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Fast-food workers look to organize

STEPHON JOHNSON Amsterdam News Staff | 5/31/2013, 12:23 p.m.

Fast-food workers have decided to put their respective companies on notice.

Last Friday, New York City fast-food workers walked off the job, launching a strike to protest low wages, low hours, part-time employment and a lack of benefits. These workers left their jobs at places like McDonald's, Wendy's, Domino's and Taco Bell, demanding an increase in wages to about $15. With the U.S. economy becoming more service-based, service workers are one of the last frontiers when it comes to labor organization.

Airing their grievances through an online petition, the workers--known as Fast Food Forward--along with members of New York Communities for Change and representatives from SEIU discussed the who, what, where and why of their protest.

"Fast-food workers in New York City barely make enough to get by," read the explanation. "Many of us make minimum wage--just $7.25 an hour or as little as $11,000 a year. Meanwhile, the Goliath corporations we work for, like McDonald's, Wendy's, Taco Bell, KFC and Pizza Hut, are part of a $200 billion industry. These corporations reap huge profits and shower CEOs with exorbitant compensation while most of their employees qualify for food stamps."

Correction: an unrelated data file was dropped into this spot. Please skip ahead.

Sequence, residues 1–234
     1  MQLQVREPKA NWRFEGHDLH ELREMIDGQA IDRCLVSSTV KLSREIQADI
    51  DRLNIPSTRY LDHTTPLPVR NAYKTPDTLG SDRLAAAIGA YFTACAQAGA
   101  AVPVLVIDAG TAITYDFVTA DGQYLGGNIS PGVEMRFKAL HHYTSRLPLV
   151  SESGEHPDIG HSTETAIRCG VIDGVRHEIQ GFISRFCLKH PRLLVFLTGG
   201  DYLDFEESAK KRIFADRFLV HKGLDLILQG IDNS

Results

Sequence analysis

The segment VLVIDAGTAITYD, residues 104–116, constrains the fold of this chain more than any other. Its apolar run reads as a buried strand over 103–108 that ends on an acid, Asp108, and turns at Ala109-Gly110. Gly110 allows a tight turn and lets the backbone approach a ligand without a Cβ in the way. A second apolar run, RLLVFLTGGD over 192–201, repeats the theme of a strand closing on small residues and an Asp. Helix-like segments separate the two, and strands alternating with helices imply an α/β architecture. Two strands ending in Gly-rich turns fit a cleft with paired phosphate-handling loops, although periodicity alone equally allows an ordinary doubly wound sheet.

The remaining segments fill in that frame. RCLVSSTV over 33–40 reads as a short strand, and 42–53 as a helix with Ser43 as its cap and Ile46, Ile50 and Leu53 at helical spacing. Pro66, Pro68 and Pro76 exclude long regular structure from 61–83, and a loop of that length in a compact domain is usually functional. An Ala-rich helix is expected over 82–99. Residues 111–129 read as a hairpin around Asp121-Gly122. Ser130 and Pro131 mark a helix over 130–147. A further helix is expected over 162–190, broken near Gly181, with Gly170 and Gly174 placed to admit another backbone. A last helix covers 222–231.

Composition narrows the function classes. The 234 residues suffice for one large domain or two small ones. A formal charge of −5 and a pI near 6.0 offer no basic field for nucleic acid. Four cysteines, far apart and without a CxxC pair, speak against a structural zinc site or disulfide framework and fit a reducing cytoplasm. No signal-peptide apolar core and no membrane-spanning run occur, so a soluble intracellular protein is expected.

According to numbers provided by the National Women's Law Center (NWLC), "Hundreds of thousands of workers in New York--mostly women and people of color--struggle to make ends meet on minimum wage earnings. Increasing the minimum wage and tipped minimum wage are key steps toward fair pay for women and people of color in New York."

The NWLC said that a bill passed by the Assembly that would raise the minimum wage from $7.25 to $8.50 per hour would increased the tipped minimum cash wage for food service workers, as both of these wages are indexed to keep pace with inflation nationally.

As the AmNews reported last month, a coalition of activists, clergy, labor leaders and workers across New York state launched a campaign beginning this week pushing for state government to establish what they called a "livable minimum wage."

According to statistics provided by the NWLC, women made up close to two-thirds of all New York workers who were paid the minimum wage or less in 2011. Most of those jobs involved cleaning homes and offices, waiting tables and caring for children and elders. Within that framework, women of color are disproportionately represented among minimum wage workers, with Blacks and Hispanics making up 15 to 16 percent of the workforce, respectively. Women of color are 12 percent of all women in America.